Shear dispersion in the thermocline and the saline intrusion

Ou, Hsien Wang; Guan, Xiaorui; Chen, Dake

Over the mid-Atlantic shelf of the North America, there is a pronounced shoreward intrusion of the saltier slope water along the seasonal thermocline, whose genesis remains unexplained. Taking note of the observed broad-band baroclinic motion, we postulate that it may propel the saline intrusion via the shear dispersion. Through an analytical model, we first examine the shear-induced isopycnal diffusivity ("shear diffusivity" for short) associated with the monochromatic forcing, which underscores its varied even anti-diffusive short-term behavior and the ineffectiveness of the internal tides in driving the shear dispersion. We then derive the spectral representation of the long-term "canonical" shear diffusivity, which is found to be the baroclinic power band-passed by a diffusivity window in the log-frequency space. Since the baroclinic power spectrum typically plateaus in the low-frequency band spanned by the diffusivity window, canonical shear diffusivity is simply 1/8 of this low-frequency plateau — independent of the uncertain diapycnal diffusivity. Applied to the mid-Atlantic shelf, this canonical shear diffusivity is about 20 m2 s−1, which is sufficient to account for the observed tracer dispersion or saline intrusion in the thermocline.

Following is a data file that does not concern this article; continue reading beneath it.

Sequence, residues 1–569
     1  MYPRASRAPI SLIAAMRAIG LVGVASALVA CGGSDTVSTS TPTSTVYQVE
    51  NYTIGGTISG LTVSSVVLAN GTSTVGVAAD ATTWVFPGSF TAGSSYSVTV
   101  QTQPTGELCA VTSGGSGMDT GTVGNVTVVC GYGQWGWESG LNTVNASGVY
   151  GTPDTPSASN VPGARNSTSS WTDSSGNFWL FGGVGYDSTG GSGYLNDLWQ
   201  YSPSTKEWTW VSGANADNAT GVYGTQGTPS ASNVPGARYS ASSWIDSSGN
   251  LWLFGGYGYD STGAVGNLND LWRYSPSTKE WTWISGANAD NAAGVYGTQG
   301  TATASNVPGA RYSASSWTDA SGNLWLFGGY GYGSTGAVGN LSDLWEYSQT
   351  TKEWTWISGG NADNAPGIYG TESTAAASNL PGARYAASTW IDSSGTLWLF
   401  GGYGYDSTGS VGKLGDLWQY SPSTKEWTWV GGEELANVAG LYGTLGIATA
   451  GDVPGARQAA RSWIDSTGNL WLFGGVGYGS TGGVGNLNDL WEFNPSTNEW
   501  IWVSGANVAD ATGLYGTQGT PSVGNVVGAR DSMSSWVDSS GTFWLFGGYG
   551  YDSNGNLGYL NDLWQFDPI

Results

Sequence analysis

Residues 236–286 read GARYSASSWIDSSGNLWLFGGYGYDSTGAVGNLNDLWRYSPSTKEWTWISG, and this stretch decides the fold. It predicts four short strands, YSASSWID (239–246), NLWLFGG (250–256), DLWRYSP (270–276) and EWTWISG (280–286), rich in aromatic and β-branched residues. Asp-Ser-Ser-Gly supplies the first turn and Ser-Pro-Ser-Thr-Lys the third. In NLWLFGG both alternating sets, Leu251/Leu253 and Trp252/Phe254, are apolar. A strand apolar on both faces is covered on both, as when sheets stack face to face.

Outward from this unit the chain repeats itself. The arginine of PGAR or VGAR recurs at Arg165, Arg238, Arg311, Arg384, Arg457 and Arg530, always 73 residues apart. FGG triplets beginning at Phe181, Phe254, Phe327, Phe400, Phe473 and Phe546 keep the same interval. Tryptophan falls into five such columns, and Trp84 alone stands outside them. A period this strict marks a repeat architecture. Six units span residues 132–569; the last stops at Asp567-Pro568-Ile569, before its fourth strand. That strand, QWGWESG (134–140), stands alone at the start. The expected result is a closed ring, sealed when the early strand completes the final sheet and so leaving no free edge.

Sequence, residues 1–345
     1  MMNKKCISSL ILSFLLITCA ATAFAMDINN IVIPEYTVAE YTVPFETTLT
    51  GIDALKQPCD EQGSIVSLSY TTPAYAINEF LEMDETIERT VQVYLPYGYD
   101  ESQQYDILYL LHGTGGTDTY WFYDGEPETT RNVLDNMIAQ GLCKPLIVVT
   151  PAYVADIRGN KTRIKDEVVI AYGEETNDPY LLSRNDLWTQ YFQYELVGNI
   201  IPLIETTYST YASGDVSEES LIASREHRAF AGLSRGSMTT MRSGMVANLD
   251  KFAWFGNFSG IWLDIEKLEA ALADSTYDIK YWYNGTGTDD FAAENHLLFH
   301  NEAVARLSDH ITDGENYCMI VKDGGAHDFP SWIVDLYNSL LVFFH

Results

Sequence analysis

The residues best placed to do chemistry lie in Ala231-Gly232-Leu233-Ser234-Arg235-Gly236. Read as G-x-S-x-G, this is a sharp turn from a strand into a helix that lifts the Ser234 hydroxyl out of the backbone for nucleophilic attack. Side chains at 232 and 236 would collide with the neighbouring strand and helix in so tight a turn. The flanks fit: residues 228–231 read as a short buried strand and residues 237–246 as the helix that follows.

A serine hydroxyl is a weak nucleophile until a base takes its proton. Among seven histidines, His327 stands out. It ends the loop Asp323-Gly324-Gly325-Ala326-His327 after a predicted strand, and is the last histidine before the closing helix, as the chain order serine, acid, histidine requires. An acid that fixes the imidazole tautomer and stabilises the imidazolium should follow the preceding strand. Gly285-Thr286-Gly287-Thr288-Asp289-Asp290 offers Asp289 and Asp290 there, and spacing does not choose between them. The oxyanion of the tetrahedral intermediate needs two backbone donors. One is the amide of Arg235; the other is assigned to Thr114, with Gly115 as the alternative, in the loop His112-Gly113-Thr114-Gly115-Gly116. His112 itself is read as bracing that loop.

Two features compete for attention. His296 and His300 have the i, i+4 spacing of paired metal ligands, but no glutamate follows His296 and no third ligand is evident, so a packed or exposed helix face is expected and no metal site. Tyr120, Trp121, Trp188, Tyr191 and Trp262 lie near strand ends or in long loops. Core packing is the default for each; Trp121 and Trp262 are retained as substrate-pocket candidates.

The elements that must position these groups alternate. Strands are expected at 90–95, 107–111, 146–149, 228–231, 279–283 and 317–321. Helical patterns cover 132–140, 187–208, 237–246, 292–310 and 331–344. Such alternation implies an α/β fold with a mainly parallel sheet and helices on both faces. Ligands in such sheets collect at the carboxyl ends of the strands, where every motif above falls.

Also Published In

Continental Shelf Research

More About This Work

Academic Units
Lamont-Doherty Earth Observatory
Ocean and Climate Physics
Published Here
August 15, 2012